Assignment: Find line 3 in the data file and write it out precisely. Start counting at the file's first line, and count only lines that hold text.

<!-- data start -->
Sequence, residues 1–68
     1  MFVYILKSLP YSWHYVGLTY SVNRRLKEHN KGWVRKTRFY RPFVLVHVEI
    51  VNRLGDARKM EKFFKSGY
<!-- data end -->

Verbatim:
    51  VNRLGDARKM EKFFKSGY